Jefferson Ross Addresses The Good, The Bad, and The Ugly Of American South On ‘Southern Currency’ (ALBUM REVIEW)

Atlanta-based folk artist Jefferson Ross breathes the South from his opening notes through his eleven penned songs, each dedicated to a state below the Mason Dixon line. And Ross teams with none other than the ever-present-these-days Thomm Jutz and Jutz’s usual session musicians. The album reads like a travelogue one plays through a car radio when visiting a National Park or historic location. Ross considers the South a collection of many cultures, accents, food traditions, and customs. So, he breaks it all down, giving us a sense of the people, the history, and the various distinctions between these states.

The musicians are essentially the same crew that played on this year’s brilliant Jutz-Tammy Rogers release Surely Will Be Singing except with Ross on guitars and lead vocals. The others are Jutz on guitars and harmony; Mike Compton on mandolin; Mark Fain on upright bass; Tammy Rogers-King on fiddle and harmony; and Lynn Williams on drums and percussion. Like that aforementioned album, this is totally acoustic, veering in a country or bluegrass direction depending on the state that the song references. It all goes down as easily as a tasty glass of iced tea.

Ross is a multi-dimensional artist: musician, songwriter, painter, and budding photographer. It’s his distinctly southern photograph of a trailer adjacent to a dilapidated barn set back from the cotton fields on the front with the classic columned southern plantation on the back. The inside jacket bears more sepia-drenched shots of native foliage and importantly, a shot of a twenty-dollar Confederate bill with this caption – “It is for freedom that Christ has set us free. Stand firm then and do not let yourselves be burdened again by a yoke of slavery.” – Galatians 5:1

Ross begins with the gently strummed, sing-song melody for “Alabama Is A Winding Road,” lulling us in before starting with these lyrics – “four little girls in a Birmingham church …the bomb goes off.”  He proceeds to mention Governor Wallace while detailing some of its positive attributes to paint the contradictions, but mostly a condemnation of the state’s sanctified hypocrisy. The upbeat fiddle-driven “Two Kentucky Brothers” tells the tale of the two siblings during the Civil War with one wearing gray and other blue. “Baptize the Gumbo” is a single and video delivering that memorable phrase over some terrific mandolin, dobro, and National guitar.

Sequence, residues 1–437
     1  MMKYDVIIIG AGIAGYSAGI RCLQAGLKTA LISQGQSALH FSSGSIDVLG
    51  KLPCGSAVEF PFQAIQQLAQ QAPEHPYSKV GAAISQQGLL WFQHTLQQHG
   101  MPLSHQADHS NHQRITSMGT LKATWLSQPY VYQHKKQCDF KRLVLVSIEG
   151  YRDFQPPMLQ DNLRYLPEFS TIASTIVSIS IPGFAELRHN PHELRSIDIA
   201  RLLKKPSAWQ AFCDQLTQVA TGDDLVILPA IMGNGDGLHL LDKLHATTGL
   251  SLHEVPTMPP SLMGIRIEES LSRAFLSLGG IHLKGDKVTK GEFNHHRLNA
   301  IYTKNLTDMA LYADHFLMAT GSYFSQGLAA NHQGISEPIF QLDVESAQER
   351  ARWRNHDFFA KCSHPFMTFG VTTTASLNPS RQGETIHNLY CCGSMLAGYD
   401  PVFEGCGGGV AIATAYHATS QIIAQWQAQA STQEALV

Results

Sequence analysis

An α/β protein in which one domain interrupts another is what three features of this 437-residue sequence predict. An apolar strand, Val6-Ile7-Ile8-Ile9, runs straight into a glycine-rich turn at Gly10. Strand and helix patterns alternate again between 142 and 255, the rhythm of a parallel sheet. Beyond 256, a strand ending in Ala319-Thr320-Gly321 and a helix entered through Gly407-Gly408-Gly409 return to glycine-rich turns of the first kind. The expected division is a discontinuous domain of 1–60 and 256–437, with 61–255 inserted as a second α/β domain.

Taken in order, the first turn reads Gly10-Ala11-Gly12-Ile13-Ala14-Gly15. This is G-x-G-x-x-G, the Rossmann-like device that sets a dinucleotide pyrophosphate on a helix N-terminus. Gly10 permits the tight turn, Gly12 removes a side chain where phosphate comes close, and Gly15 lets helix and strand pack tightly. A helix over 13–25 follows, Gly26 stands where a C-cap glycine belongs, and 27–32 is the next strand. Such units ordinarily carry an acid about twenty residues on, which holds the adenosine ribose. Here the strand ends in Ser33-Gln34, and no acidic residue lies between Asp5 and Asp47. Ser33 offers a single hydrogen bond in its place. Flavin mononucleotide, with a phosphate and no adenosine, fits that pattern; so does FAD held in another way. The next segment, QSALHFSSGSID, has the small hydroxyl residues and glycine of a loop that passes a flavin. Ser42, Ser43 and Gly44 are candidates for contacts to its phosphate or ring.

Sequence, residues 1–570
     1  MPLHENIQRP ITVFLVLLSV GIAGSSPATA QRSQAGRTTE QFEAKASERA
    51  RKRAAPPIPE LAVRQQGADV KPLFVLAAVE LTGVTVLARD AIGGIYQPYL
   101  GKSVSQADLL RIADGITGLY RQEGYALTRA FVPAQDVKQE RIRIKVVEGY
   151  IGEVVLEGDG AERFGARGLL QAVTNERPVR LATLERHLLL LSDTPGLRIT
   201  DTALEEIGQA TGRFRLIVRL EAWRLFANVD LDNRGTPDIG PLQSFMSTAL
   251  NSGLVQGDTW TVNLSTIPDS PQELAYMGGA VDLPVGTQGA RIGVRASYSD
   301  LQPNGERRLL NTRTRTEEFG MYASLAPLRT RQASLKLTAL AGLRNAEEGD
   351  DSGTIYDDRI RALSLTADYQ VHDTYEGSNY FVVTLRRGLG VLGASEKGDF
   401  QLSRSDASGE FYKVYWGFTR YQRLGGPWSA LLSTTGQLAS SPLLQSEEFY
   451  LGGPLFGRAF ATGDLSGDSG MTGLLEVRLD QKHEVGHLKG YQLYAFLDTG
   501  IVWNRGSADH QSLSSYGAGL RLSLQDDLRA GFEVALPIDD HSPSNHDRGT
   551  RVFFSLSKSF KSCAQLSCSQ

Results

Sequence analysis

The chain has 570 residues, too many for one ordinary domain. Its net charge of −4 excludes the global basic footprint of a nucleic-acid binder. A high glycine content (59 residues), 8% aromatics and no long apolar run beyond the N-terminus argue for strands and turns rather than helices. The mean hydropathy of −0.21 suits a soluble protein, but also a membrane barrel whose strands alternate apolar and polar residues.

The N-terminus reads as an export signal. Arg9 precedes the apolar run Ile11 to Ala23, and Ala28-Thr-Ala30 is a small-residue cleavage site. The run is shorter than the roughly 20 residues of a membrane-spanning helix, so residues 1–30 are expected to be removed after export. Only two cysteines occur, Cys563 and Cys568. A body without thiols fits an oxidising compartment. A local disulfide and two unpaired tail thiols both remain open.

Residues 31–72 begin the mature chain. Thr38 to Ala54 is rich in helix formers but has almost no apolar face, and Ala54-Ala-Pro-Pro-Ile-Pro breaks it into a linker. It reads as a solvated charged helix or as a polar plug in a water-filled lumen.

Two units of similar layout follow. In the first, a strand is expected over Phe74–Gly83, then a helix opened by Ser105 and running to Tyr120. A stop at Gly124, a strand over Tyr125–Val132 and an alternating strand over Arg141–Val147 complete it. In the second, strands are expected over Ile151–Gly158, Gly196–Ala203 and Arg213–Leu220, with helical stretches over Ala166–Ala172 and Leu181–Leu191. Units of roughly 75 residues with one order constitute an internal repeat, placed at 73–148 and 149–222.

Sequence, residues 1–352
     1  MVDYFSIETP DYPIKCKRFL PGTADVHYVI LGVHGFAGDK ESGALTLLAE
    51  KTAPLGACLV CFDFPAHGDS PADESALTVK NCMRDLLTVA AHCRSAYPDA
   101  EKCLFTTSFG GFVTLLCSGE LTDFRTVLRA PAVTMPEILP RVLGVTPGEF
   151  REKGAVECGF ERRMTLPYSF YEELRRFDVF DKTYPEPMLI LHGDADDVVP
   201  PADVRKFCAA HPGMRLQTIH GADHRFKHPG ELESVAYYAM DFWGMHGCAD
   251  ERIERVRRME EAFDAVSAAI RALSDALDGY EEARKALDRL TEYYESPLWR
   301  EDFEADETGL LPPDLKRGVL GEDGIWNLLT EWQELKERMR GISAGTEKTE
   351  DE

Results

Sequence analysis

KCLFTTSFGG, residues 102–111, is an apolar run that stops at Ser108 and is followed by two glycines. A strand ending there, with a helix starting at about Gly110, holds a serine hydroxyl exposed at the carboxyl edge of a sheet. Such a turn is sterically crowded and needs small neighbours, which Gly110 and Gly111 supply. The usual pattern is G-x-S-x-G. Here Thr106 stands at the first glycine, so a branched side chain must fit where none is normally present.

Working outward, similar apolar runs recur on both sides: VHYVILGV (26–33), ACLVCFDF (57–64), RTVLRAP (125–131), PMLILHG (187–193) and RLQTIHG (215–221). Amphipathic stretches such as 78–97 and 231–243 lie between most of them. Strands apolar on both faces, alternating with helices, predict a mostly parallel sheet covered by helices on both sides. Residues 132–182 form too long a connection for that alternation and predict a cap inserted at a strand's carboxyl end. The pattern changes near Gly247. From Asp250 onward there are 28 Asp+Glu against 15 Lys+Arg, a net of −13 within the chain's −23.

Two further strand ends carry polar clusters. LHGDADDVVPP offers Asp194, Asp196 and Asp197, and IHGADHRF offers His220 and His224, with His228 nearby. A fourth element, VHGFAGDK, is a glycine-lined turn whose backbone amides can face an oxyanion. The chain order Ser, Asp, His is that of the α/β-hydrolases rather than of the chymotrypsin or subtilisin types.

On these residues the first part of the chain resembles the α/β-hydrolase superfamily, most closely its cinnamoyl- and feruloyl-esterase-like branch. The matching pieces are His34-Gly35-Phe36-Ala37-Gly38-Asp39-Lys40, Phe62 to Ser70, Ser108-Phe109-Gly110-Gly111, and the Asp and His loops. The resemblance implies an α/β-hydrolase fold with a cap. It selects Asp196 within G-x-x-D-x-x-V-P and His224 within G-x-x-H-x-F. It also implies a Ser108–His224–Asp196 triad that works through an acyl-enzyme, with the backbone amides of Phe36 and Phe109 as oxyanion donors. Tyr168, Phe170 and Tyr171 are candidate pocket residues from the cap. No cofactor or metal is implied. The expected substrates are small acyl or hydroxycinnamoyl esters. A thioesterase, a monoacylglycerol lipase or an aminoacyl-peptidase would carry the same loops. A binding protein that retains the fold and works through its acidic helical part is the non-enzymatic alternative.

“Down In Macon, GA” is a dobro-driven tale of the rural life of a single woman and her creature comforts. The breezy “Turquoise and Tangerine” and his double entendre “I love my sunset life” nod to the laid-back retiree beach life of Florida. The bluegrass of ‘You Can’t Go Home Again” for North Carolina tells the tale of a man way too young going to rest forever in the mountains. The bleakly fingerpicked “Hot Springs” (for Arkansas) comes from the point of view of an inmate on death row pining for that “cold, cold woman down in Hot Springs,” yet another example of his crafty wordplay.  Ironically, it seems that “High Times in the Low Country” was written with my in-laws in mind as they left Atlanta, retiring to that very same South Carolina low country he sings about in “The summer wine and whiskey flows all the way from Kiawah and Edisto”.

“The King of Mississippi” marries blues with dobro-infused lines as Ross takes some liberties with the famous Muddy Waters song “I Can’t Be Satisfied,” name-checking Clarksdale, Yazoo City, and Tunica along the way.  “The Nashville Neon Waltz” comes at a time when we’ve just learned that Ernest Tubb Records is shuttering after 70 years at its Lower Broadway location. Here are the last phrases – “A full moon over Broadway/Shines on the lonely and lost/For the men and women caught in the rhythm/Of the Nashville Neon waltz.”

The last jangling bluegrass ode, the title track, goes out to Virginia while Ross goes out much the way he introduced this set of songs, decrying the dichotomy of the South. In this one, it’s the preacher using Biblical references to rationalize slavery to a divided congregation with some bought in and some not. It’s easy enough to see parallels to today

Beneath Ross’ melodic, singable, easy flowing songs lies lyrical depth. To an amazing degree, he’s captured not just imagery but has managed to outline over a century and a half of Southern history in just a few masterful strokes of well-chosen words. 

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